By Mapwiya Muulupale
To beat Covid-19, we should follow public health officials’ advice while looking forward with hope; the same ebbing hope that President Lazarus Chakwera and Vice President Saulos Chakwera kindled on 25 May 2020 at Njamba Freedom Park in Blantyre.
“Dr Saulos Chilima is an expert in economic management and development. We will leave affairs of the economy to Dr Chilima so that we create one million jobs, we provide good schools, good hospitals and other services to Malawians,” said Chakwera.
Today, one wonders: does Pres Chakwera remember these words? I too, was wondering. But thank goodness, I got the answer on 17 January 2021.
Addressing the nation, Chakwera made a flirting reference to “campaign promises”.
“We must all accept that the scale of the pandemic demands a change of priorities.Lazarus Chakwera
This is important to say because some are still obsessed with politics, some who are still obsessed with cabinet appointments and reshuffles, and some who are still obsessed with campaign promises that were made on assumptions and in conditions that no longer hold.”
Allow me to digress.
A professor entered the classroom. He announced a surprise test. Students were shaken, and they sat nervously, waiting. The professor handed out the examination with text facing down.
Once everyone had a paper, he asked them to turn them over. Surprise, surprise! There were no questions, just a black dot in the centre of the paper.
The professor instructed: “Write about everything you see there,” and the students got busy.
Time up, he collected answer sheets, immediately read each one out loud. All students had defined the black dot and liberally discussed its central position. The classroom then fell silent.
The professor explained, “I’m not going to grade this test. But think about this: no one wrote about the white part of the paper. Everyone focused on the black dot”.
“This,” he explained, “happens in our lives. We are obsessed with the ‘black dot’ e.g., health issues, poverty, relationships, disappointments etc.”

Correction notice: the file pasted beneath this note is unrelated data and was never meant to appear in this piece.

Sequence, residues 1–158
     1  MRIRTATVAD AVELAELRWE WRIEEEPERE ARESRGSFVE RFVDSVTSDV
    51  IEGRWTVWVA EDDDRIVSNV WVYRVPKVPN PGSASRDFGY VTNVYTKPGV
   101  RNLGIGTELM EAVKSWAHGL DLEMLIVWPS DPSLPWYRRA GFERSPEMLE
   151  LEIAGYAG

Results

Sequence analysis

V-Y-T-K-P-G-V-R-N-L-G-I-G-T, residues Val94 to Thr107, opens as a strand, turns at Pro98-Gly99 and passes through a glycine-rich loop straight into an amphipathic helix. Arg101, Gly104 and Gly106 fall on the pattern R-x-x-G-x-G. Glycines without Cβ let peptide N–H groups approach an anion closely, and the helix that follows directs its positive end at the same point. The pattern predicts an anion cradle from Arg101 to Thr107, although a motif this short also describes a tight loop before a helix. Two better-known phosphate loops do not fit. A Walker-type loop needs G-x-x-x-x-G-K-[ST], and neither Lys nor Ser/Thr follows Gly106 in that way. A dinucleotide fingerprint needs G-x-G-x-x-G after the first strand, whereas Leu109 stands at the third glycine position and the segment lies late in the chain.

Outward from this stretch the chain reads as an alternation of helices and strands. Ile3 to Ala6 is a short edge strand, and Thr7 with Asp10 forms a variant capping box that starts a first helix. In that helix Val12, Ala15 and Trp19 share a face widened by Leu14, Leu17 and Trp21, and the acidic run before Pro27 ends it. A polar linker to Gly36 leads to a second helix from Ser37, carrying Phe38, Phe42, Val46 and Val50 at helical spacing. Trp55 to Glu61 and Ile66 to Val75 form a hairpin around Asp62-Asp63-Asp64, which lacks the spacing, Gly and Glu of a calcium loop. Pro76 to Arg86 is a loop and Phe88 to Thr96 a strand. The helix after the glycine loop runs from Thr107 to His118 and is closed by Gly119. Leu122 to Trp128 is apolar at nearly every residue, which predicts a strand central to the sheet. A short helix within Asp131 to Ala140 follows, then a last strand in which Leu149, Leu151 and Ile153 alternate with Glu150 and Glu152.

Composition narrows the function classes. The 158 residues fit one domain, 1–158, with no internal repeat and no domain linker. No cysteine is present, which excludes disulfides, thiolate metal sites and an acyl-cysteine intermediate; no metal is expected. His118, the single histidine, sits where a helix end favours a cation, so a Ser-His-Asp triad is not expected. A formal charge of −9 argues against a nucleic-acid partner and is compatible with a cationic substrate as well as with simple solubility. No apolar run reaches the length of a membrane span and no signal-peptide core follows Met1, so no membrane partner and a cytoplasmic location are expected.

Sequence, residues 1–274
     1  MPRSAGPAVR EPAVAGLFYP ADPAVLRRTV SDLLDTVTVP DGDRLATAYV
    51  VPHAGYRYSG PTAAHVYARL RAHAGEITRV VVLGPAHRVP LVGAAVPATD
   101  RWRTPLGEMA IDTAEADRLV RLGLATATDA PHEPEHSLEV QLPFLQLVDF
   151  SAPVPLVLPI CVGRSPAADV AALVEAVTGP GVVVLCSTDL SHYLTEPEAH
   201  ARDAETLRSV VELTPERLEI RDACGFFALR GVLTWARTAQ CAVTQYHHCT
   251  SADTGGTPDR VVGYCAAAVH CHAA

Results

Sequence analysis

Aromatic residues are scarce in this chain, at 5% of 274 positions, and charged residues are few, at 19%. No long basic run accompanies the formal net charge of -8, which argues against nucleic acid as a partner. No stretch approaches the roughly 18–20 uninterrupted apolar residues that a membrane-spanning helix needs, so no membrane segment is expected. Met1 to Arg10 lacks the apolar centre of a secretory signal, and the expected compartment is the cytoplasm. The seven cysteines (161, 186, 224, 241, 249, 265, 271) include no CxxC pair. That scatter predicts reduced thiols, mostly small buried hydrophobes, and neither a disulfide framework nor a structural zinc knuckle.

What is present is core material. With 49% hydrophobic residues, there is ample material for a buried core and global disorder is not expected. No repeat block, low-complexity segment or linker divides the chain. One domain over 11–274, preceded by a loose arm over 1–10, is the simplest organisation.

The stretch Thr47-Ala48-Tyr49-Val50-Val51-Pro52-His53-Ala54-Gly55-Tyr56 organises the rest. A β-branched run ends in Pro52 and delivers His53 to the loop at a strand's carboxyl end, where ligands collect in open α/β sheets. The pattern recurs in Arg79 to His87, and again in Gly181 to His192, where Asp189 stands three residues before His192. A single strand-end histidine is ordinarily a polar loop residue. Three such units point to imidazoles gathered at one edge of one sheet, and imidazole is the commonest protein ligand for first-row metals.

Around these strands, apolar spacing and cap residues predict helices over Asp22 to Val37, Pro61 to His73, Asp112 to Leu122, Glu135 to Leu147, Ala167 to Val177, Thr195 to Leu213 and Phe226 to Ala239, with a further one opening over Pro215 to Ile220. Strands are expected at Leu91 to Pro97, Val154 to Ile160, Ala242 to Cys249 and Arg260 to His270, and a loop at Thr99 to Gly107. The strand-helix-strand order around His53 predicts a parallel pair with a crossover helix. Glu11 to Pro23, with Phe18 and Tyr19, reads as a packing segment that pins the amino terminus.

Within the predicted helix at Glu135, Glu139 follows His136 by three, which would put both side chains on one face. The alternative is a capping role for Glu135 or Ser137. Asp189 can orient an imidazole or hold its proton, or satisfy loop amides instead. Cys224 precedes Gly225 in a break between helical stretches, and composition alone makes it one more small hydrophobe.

“However,” he argued, “the dark spots are insignificant when taken in context. Yet, we often allow the black spots to overwhelm us. Forget the black dots in your lives. Count your blessings!”
President Chakwera is wrong to renege on the many promises Malawians voted him for on the flimsy if not laughable pretext that focus is now on Covid19 and that campaign promises “were made on assumptions and in conditions that no longer hold”.
Chakwera, like the black-dot obsessed students, is dead wrong.
With the right Cabinet and people around him, this need not be so.
If anything, the havoc caused by Covid19 makes his delivering on that Super-Hi5 of his, the 1,000,000 jobs, hospitals, and social services imperative. Otherwise, Covid19 will go, but chaos will haunt his government and him personally.
If he believes this is impossible, he should agree that he hired the wrong people, people with the mindsets of failures, and that his faith in them was misplaced.
A Cabinet with the right men and women with a positive can-do mindset would never allow Chakwera to renege on campaign promises.
The question is: with allegations and increasing indications that Chakwera is ‘captured’, is there a way out?
King Arthur, a youthful royal, was ambushed and imprisoned by a hostile king and only spared from instant death by luck.